Sunday, July 21, 2024

Our approach to the regulation of cryptocurrency needs clarity

In March this year, Sam Bankman-Fried, founder of the now defunct crypto exchange FTX, was sentenced to 25 years in prison on the back of fraud and conspiracy charges. In an interview over email to ABC News a few weeks later, he wrote: “It’s most of what I think about each day.”

It is certainly what many others think about as well. Prosecutors say conservative estimates of losses from this fraud stand at $8 billion for FTX customers, $1.7 billion for FTX investors, and $1.3 billion for Alameda lenders. Once the richest and most influential man in crypto, Fried or ‘SBF’ was the creator of the hugely successful crypto trading exchange FTX and the Alameda Research trading firm. His crypto empire came crashing down in November 2022, an outcome of multiple acts of financial fraud and deceit, all spearheaded by him.

The collapse of FTX marked a hellish patch for crypto currencies that sank to multi-year lows. After peaking at $3 trillion in November 2021, the FTX debacle saw the value of the overall crypto market slump to a two-year low of $796 billion. It also prompted a much needed regulatory crackdown.

Here in India, the relationship between regulation and crypto has remained fuliginous at the best of times. The three key protagonists in the crypto tale—the Reserve Bank of India (RBI), Securities and Exchange Board of India (Sebi) and the government—have at different times held diametrically opposite views on cryptocurrencies. Of the three, it is clearly the central bank that has always been the most strident in its criticism and distrust of the crypto ecosystem.

However, it is the government that appears to have wound itself and policy action in knots. A cryptocurrency bill has been in the works since 2021, but still hasn’t seen the light of day. What came in its place in 2022 was a tax whammy. Crypto currency trades in India attract a levy of 1% tax deducted at source (TDS) along with 30% capital gains tax, without any provision of offsetting crypto losses.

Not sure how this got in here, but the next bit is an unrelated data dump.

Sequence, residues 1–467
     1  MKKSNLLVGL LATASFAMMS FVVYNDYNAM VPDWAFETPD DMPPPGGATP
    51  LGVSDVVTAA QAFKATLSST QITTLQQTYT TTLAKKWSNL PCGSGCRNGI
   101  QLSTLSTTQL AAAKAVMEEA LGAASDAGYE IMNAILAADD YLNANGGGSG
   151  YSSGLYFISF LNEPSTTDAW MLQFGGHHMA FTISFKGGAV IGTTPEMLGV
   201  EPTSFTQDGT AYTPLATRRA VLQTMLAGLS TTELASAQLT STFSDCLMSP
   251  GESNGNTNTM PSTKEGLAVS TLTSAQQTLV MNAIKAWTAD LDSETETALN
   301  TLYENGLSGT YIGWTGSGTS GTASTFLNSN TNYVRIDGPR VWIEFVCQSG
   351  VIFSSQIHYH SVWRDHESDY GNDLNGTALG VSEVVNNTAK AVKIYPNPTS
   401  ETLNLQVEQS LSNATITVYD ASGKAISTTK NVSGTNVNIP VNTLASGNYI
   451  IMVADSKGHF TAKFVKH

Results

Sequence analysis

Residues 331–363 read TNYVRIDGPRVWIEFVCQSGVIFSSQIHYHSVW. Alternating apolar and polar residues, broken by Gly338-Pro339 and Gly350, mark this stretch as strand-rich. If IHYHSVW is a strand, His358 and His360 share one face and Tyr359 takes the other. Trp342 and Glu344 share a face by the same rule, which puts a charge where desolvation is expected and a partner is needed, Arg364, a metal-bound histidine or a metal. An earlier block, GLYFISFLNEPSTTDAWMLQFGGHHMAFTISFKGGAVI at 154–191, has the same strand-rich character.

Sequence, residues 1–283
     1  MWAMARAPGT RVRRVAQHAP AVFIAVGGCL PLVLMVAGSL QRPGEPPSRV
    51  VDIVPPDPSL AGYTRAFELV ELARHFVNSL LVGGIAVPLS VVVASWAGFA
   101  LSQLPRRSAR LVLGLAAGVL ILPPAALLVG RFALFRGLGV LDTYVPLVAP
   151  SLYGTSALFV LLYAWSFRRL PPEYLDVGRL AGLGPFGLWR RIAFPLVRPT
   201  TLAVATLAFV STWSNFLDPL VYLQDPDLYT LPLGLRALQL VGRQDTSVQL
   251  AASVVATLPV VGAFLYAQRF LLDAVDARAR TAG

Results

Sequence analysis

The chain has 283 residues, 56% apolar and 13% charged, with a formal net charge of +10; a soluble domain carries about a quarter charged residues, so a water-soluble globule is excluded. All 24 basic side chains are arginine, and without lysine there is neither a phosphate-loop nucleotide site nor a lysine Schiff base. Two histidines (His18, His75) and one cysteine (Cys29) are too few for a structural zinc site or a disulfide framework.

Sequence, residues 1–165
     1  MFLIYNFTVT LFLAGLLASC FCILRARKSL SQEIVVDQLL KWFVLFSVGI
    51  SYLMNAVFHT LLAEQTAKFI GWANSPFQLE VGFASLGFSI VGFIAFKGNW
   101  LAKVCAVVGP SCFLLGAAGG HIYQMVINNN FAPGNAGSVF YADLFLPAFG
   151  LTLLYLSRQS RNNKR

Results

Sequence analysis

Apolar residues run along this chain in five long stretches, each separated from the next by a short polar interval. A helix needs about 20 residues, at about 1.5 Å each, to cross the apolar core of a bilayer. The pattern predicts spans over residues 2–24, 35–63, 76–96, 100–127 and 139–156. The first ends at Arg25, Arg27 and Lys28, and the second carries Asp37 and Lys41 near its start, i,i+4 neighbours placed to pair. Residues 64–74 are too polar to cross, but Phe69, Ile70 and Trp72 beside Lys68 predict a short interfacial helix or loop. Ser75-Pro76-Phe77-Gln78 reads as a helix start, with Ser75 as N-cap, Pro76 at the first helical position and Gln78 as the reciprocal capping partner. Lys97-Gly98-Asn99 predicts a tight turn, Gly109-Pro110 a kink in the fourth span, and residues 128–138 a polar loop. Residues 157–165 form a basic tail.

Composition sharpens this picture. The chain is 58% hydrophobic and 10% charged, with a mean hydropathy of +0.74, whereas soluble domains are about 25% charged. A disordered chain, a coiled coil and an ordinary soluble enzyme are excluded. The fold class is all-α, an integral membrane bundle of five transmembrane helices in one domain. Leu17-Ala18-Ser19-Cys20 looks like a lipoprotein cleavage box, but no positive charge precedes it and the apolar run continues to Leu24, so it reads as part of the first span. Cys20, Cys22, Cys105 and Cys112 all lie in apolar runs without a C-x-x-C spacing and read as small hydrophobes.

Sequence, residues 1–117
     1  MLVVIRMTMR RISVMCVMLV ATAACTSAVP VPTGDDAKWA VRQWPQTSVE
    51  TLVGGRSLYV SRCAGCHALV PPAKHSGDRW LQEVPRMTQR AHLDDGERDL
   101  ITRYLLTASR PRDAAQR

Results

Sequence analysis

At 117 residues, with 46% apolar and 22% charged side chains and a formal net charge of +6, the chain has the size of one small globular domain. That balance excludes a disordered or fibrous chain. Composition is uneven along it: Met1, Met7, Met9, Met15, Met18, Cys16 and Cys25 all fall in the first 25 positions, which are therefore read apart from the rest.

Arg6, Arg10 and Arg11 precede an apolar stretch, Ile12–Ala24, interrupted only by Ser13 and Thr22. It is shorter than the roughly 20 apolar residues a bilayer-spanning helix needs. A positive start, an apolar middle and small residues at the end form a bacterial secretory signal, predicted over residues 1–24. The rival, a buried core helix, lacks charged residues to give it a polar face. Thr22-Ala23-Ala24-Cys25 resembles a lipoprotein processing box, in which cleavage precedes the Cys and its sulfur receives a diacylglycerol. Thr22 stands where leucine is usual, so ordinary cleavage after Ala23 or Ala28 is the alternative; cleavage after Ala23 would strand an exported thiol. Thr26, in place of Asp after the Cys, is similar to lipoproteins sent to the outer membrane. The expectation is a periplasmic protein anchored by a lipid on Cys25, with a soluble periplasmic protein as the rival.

The government categorized crypto assets as “Virtual Digital Assets,” while refusing to address the moot question of whether they were legal or not. “Whether it is legitimate or illegitimate is a different question. But I will tax [crypto gains] because it is a sovereign right to tax,” finance minister Nirmala Sitharaman said on the matter.

For an industry that has often resembled the dotcom bubble in its narrative, regulation in India has constantly shied away from addressing the who, what and how of crypto. Crypto believers swear that this is the answer to financial democratization and crypto sceptics say it’s just fraud spelt with a ‘c’.

When I started collating the numbers around crypto trading in 2021, data by research firm Crebaco showed that about 15 million Indians had invested in cryptocurrencies through Indian exchanges. New sign-ups were driving close to a 150% month-on-month surge in trading volumes. 

The government and policymakers were clearly nervous. Crypto was popular with the younger generation and there was a visible trail of incidents across India involving kidnapping, extortion, money laundering and drug deals where crypto coins were the weapon or ransom currency of choice. 

So, even as a clear policy eluded crypto, two decisions were taken. The first was a hefty tax, perhaps aimed at curbing trading enthusiasm; the second was a notification released in March 2023 that brought crypto currencies and other digital assets under India’s anti-money laundering law. The PMLA intent here was to check money laundering by essentially placing the onus of transparency and checks on Indian crypto exchange platforms.

However, things haven’t worked out as planned. By the end of 2023, a report by think-tank Esya Centre reveals that about 3-5 million Indian users shifted to offshore platforms, resulting in $3.8 billion worth of trading volume moving out of domestic exchanges. It’s a loss of users and of taxes. Clearly, neither the 30% tax nor the PMLA inclusion has been a deterrent for those trading crypto; only a nuisance. One that private network connections have helped circumvent. 

Even as the information technology ministry blocked access to overseas platforms like Binance, Kucoin and Bitfinex, India-based crypto platforms and entrepreneurs have quietly moved business to locations like Dubai, probably because neither Indian policies nor the stress of staying based in India seemed appealing anymore.

While India’s crypto industry continues to play a guessing game of ‘what next’ with regulation, what’s clear is that our lack of policy clarity has never helped. The US has learnt the hard way that it needs to do more than just battle a stream of crypto-related litigation. The UK, EU, Singapore, Japan and Australia have moved forward with cogent regulatory frameworks for digital assets. 

For India, step one will be identifying who is taking charge of the situation. Should it be Sebi, which has purview over other financial markets? Should it be RBI, which is our bank regulator and monetary authority? Or should it be yet another body, a hybrid with financial and digital overview? The bigger question of regulation, however, isn’t who. It is why.

#approach #regulation #cryptocurrency #clarity

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